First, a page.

As the 21st anniversary of the 9/11 attacks has come and gone, I worry the significance of the event will get overlooked as the years go by.
At Livermore High, athletic director James Petersdorf and football coach John Wade are making sure the Livermore football players, parents and fans will not lose sight of what Sept. 11 means to the United States.
On Friday, Sept. 9 (since Sept. 11 fell on a Sunday this year), the Cowboys paid tribute to the memories of the nearly 3,000 people who lost their lives that day.
Wade and Petersdorf orchestrated a night where the Cowboys got special game uniforms that featured a patriotic theme, including a red, white and blue color scheme with the jerseys, helmets and socks.
All this was done without any knowledge of the players until they walked into the Livermore football team room to get dressed for the game Friday.
Watching a video of the moment the players walked in the room was truly emotional.
“I filmed it and turned to John afterwards and told him I needed to go outside,” said Petersdorf.
In addition, all branches of the military, as well as local first responders, were represented at the game.
“John and I planned this about six months ago,” explained Petersdorf. “9/11 has always talked about in classes, but then it’s more like an assignment than paying tribute.”
While the uniform was the easy part, reaching out to the local law enforcement, military and other first responders was a lengthy project. Lengthy, but successful, and fully appreciated by all.
“Once the police and fire were involved it really took off,” said Petersdorf. “They were so happy to be involved and happy to be there.”
When it came time for the Cowboys to take the field Friday night, a police motorcycle officer led the Cowboys through the tunnel and onto the field.
The players were carrying flags of every branch of the military, as well as police and fire. The local fire department brought their ladder truck out and flew the American flag from the top of the ladder.
It was something the Livermore High staff embraced.
And with good reason as there are many ties to all avenues of those affected.
Assistant coach Scott Baswell was a police office on 9/11.
“It meant a lot to him, and he gave an emotional speech to the team before the game about what it meant to him,” said Petersdorf of Baswell.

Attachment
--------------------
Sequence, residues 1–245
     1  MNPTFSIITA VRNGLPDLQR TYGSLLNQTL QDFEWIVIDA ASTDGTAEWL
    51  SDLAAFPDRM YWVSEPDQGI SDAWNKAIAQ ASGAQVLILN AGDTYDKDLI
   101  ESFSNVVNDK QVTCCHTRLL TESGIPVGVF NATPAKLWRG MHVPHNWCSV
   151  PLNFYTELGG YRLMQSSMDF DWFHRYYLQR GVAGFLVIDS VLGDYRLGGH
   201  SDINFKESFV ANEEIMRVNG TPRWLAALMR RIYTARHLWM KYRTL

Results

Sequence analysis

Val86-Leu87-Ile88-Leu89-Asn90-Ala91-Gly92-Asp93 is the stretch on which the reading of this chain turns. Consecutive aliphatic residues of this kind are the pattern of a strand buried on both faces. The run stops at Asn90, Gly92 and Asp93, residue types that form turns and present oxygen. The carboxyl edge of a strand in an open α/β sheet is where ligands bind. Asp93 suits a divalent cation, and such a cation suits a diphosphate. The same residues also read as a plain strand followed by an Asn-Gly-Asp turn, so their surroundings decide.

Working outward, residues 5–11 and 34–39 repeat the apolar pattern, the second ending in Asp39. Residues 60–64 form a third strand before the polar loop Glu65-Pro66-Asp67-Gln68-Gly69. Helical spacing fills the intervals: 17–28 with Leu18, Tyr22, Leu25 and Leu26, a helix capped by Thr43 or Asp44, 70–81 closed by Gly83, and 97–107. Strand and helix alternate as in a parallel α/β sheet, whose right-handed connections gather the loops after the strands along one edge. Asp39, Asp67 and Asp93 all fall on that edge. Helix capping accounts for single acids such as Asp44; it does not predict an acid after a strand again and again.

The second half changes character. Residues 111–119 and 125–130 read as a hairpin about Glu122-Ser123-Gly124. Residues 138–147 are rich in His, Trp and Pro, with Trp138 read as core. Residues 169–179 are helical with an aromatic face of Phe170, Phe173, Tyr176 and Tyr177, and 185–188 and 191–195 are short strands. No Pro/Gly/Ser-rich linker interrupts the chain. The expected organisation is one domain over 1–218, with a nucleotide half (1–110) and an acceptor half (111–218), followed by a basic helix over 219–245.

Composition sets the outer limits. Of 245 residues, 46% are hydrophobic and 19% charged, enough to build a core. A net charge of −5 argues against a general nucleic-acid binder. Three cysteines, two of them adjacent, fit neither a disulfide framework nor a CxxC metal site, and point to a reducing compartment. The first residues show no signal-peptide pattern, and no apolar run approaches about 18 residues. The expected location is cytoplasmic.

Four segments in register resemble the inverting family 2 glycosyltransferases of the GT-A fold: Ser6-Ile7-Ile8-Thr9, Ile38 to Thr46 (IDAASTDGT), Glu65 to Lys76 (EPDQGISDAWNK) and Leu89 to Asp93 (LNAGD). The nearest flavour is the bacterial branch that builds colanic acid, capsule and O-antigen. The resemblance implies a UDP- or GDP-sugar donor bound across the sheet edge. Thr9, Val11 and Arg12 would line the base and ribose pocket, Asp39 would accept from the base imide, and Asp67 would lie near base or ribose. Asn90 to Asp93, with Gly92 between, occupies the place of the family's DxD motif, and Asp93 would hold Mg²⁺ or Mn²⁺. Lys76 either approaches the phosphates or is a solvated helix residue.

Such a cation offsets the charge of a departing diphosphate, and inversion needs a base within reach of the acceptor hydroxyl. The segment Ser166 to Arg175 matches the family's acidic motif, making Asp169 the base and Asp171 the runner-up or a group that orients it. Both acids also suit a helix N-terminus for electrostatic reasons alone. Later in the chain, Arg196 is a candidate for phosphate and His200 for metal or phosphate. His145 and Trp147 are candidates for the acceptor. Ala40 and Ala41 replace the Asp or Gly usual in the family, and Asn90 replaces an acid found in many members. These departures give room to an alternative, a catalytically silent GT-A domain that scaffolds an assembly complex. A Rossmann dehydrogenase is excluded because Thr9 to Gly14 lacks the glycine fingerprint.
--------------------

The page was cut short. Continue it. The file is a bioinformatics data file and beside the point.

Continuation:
Steve Peters, another Livermore assistant coach, joined the Marines shortly after the 9/11 attack.
Livermore principal Helen Gladden was fully on board with the night as she comes from a military family.
Livermore quarterback Tyler Trudeau’s father Mike is a police officer. Trudeau is the nephew of former Granada and NFL quarterback Jack Trudeau.
Petersdorf has a sister that is a police officer, and his father works for the California Highway Patrol.
Everyone came together to make it work.
“Being patriotic is a good thing,” said Petersdorf. “These kids were not even alive when 9/11 happened. But for all of use, we remember where we were when it happened. The parents kept coming up and saying thank you for not letting it pass by.”
The entire day was a celebration.
“Our leadership classes did a great job and made it a patriotic day,” said Petersdorf.
There could have been some anxious moments for Petersdorf given the political climate the United States is in right now.
“This is not a political statement,” said Petersdorf. “We just wanted the kids to celebrate being patriotic and celebrate the memories of the people that died that day.”
Which is great and much needed. Unfortunately, it’s something not all schools are able to do.
“I know other schools have tried to do something but have been blocked by their school district or their administration,” said Petersdorf. “I will happily go to the mat for the kids to make this happen.”
Some schools are simply not allowed to remember and pay tribute to those that lost their lives in the biggest terrorist attack on the United States. It is sorry and pathetic that some schools or school districts make those decisions.
Thankfully that won’t happen at Livermore High because of people like Petersdorf and Wade.
“It’s a no-brainer,” said Petersdorf of carrying on the tradition started this year. “We have made the decision we will do this every year around Sept. 11, whether we are home or on the road.”